It’s the first all-new analogue tape recorder to break cover in the last 25 years.

German industrial product designer Ballfinger has dropped a new collection of audio equipment. At the very top of that collection is this flagship Tonbandmaschine M 063 reel-to-reel tape machine that is also believed to be the first all-new analogue tape recorder to break cover in the last 25 years.

Unveiled at the Norddeutsche HiFi-Tage 2017 audio exhibition earlier this week, the retro-cool recorder operates at 38cm of tape speed per second. We gathered the technical details from audio-specialist publication What HiFi who said that it “packs a three-motor drive that runs at 7.5 or 15in per second, and takes up to 12in tape reels.”

Ballfinger-tape-player

The recorder can be operated while placed upright or on its back too.

This vintage-vibing machine is backed by ultra-modern technology. The super-accurate digital counter in the front calculates the elapsed time down to the precision of a hundredth of a second. The controlled winding speeds and processor controlled drive prevents the reel from slacking, stretching or looping.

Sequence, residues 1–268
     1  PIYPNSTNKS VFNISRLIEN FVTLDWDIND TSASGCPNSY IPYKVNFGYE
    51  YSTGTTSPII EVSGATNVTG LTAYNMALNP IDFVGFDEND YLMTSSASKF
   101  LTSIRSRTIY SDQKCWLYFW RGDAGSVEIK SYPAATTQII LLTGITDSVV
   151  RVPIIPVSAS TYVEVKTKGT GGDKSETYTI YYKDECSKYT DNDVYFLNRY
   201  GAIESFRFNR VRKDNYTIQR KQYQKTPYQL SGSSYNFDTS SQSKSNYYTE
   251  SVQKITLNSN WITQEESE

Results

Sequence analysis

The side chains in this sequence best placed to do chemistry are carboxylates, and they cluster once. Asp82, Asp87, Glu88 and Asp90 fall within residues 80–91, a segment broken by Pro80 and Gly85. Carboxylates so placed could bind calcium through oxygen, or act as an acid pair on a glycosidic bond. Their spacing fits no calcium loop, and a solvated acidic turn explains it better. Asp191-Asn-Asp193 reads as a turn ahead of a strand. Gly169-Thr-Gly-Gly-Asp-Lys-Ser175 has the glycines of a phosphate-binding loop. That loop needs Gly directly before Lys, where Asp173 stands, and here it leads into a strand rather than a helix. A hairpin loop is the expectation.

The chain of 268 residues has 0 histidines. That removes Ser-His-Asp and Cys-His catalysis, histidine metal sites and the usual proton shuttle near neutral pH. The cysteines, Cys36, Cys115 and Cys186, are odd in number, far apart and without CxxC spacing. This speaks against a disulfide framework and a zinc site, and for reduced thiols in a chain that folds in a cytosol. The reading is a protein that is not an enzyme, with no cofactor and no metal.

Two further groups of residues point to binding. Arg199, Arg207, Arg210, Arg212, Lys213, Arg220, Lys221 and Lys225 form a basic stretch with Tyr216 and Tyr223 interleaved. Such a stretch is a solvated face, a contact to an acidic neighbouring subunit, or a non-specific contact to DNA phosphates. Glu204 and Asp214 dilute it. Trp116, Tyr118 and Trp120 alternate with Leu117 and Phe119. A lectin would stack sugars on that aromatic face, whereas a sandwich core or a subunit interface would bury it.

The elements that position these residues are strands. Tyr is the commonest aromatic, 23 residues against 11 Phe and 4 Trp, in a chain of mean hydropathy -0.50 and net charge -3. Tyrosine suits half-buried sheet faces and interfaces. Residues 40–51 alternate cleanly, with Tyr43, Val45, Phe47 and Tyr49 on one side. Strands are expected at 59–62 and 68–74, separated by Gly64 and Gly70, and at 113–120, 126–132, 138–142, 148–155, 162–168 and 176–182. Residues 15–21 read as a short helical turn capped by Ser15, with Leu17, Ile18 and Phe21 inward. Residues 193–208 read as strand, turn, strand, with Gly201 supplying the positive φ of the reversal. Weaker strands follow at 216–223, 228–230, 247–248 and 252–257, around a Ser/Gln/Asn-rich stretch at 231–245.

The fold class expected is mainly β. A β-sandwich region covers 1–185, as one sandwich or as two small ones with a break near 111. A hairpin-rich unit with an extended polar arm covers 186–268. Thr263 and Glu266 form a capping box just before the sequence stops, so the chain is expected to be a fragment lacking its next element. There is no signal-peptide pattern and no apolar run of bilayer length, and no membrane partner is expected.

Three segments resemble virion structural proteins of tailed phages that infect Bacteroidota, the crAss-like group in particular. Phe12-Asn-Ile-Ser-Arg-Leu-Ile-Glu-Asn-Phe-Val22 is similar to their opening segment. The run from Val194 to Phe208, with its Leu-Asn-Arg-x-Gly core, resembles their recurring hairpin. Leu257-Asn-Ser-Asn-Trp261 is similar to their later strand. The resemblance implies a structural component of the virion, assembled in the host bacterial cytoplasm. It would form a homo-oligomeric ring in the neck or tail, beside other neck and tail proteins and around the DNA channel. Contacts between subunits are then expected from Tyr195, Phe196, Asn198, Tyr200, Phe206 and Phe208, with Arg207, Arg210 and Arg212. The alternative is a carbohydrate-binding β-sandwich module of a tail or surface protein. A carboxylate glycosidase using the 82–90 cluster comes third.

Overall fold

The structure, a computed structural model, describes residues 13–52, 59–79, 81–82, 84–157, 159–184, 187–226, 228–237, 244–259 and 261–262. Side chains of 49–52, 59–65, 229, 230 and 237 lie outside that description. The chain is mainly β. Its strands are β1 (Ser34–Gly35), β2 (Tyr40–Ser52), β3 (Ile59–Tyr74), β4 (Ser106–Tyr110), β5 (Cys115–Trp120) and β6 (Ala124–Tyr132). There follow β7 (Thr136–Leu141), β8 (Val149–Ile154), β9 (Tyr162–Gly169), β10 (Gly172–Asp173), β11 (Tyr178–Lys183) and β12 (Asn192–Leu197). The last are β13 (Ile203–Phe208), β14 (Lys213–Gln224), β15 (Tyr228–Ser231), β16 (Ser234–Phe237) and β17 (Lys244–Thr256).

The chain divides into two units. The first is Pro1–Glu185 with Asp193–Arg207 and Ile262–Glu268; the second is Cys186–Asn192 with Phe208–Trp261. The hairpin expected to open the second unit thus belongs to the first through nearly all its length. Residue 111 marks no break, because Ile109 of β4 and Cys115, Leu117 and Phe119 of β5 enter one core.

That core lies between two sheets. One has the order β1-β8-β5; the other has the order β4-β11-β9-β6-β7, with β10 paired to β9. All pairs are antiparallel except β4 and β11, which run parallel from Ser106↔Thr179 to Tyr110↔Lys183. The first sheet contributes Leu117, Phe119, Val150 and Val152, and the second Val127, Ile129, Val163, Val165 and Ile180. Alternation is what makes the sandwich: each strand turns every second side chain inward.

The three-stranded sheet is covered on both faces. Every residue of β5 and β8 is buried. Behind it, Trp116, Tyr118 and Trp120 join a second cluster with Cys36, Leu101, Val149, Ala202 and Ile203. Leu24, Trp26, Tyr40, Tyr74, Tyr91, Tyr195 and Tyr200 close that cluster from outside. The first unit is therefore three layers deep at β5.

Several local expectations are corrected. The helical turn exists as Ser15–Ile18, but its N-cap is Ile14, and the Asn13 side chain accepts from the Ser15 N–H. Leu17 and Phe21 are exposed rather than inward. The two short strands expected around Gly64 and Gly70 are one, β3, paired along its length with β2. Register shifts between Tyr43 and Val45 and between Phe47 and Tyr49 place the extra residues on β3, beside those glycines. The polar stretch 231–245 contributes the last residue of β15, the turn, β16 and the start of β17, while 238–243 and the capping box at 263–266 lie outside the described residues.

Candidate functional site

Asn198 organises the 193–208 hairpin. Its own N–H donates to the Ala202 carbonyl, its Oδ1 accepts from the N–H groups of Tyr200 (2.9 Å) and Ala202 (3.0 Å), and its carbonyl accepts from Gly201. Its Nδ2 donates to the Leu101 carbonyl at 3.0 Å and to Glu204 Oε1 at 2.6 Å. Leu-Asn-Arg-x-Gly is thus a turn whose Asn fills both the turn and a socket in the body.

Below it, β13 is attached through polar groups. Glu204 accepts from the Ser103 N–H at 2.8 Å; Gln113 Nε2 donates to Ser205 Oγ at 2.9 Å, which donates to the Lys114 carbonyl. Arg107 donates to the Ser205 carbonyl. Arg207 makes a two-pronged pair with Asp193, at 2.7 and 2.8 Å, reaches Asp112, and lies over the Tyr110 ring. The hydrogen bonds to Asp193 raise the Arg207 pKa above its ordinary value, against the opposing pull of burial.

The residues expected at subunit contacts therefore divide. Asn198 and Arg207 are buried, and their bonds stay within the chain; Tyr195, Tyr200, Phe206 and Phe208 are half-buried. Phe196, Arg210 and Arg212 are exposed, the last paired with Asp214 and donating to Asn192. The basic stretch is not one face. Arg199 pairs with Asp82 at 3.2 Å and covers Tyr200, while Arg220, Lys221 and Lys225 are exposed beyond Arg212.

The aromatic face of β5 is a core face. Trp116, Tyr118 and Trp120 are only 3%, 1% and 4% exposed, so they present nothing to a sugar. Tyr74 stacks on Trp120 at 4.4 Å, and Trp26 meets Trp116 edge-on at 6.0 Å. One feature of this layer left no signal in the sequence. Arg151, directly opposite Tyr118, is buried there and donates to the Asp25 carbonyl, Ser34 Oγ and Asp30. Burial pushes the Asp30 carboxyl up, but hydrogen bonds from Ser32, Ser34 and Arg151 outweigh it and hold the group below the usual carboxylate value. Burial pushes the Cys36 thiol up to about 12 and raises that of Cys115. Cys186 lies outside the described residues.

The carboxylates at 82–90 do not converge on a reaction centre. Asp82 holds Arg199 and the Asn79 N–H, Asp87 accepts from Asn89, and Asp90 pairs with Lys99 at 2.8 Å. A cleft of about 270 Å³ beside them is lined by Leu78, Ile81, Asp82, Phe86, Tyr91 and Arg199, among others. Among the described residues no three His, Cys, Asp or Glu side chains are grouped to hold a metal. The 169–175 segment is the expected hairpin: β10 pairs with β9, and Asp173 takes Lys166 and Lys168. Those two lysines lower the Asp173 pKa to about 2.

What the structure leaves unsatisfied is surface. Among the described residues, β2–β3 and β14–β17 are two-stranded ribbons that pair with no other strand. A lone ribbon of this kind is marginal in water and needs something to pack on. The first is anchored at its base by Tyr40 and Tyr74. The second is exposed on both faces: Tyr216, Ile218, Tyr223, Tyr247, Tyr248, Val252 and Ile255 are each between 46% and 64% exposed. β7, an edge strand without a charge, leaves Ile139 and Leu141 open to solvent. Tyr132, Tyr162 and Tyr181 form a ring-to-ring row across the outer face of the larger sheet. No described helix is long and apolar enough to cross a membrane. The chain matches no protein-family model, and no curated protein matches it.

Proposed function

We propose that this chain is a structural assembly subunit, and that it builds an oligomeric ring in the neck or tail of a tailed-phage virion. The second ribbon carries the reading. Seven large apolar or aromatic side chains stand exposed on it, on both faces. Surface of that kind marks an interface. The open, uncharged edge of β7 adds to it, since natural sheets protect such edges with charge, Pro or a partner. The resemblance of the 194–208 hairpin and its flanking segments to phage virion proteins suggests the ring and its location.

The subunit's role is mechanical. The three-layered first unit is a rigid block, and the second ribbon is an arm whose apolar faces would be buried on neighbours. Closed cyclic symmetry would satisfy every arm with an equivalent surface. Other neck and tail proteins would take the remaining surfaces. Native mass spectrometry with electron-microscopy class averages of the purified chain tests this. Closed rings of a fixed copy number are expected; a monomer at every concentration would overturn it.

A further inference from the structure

Ballfinger-tape-player

The player was unveiled at the Norddeutsche HiFi-Tage 2017 audio exhibition.

The entire chassis of the 2-channel tape recorder from Ballfinger has been made from aluminium that lends it greater stability. Its sides are lined with wood and the device can be operated while placed upright or on its back too. Naturally you’d want to place this in dust-free – preferably temperature-controlled – corner of your mansion as the reel is open (as opposed to being cased-off in a cassette) to the elements.

Ballfinger is a fairly new company. Dusseldorf-based industrial designer Roland Schneider founded the company in 2005. He began by making an angelpoise lamp, and by 2010 went on to debut his own brand of watches fitted with Swiss movements. Five years ago, Schneider decided to have a go at audio equipment and this is his debut collection. The reason that it took this long is because he decided to manufacture the majority of the key components himself. As a result, the drive motors, pick-up systems and servo units of this tape-to-tape reel machine are all produced in-house. Apart from the tape-to-tape reel player, Schneider also exhibited two other pieces of equipment at the audio show. There was a turntable called Schallplattenspieler PS 2 and a standalone amplifier. He claims the turntable is “the first record player whose radial arm has been combined with a processor-controlled linear guide.”

Ballfinger-tape-player

Dusseldorf-based industrial designer Roland Schneider founded Ballfinger in 2005.

Priced at $29,000 the tape player, is definitely for the audiophile with deep pockets. If we were to sum up our opinion on this gadget in a word, we’d just say it’s downright baller. Agree?